1. Not just delete from the review, but counsel the reviewer and consider taking him or her off the list. I well recognize the impulse to write something like this when I’m served a particularly bad piece of junk to review and anonymity to hide behind. But someone who gives in to it is not only personally cowardly and shameful, but manifests a misunderstanding of the duties he’s accepted in undertaking the task, and puts his scientific judgment in question.

  2. Do the authors get to see these comments on their submissions, or are they just for the editors?

  3. Authors receive the reviews (and I have seen many a nasty comment in them over the years). Many journals also allow a reviewer to make private remarks to the editor (which, as an editor, I have usually found consistently respectful even when the review is not)

  4. Peer review isn’t sacred; it should be studied, as it introduces conservative biases into the published corpus as well as weeding out rubbish. Compare the way double-blind clinical trials can’t get rid of placebo effects. Giving patients a sugar pill and telling them so has effects. So the placebo baseline in a clinical trial is not the equivalent of doing nothing.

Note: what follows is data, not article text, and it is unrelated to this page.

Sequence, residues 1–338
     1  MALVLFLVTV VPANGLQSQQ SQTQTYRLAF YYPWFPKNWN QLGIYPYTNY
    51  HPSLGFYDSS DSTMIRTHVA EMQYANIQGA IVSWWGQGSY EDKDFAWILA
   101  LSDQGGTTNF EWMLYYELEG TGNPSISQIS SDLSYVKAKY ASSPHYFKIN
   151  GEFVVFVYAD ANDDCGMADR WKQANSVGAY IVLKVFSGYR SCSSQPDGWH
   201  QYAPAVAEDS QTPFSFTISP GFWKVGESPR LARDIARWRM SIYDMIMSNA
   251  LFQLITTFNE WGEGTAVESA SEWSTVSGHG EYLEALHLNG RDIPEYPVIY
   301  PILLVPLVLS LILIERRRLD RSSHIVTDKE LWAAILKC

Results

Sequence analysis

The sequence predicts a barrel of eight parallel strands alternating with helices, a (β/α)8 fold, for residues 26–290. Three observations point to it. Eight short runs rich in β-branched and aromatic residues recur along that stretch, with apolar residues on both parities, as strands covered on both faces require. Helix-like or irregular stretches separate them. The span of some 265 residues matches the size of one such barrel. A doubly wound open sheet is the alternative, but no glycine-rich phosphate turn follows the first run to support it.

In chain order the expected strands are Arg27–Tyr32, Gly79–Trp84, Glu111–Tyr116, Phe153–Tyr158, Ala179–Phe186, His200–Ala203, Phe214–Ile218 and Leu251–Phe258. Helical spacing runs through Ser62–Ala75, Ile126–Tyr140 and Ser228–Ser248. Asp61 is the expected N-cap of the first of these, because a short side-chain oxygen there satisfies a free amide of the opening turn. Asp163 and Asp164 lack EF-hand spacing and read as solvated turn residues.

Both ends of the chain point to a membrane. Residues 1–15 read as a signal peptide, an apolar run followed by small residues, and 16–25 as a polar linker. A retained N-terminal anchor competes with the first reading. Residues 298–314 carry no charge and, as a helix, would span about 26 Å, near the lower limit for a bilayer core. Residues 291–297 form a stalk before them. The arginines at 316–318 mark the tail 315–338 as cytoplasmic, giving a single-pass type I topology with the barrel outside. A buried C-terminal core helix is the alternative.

Scientific publication without peer review is possible. The huge xarchiv publishing database in maths and physics doesn’t use it, only a weaker system of endorsements – a sort of sponsorship. Formally the papers are preprints, prior to publication in peer-reviewed journals; but not always. Famously, the proof of Poincar√ɬ©’s conjecture by the eccentric genius Grigori Perelman has never been submitted for peer review: he says it’s pointless. Either another mathematician will show his proof is invalid, or the proof holds up against the scrutiny of the entire community of topologists. Either way, peer review by a tiny subset of that community is irrelevant.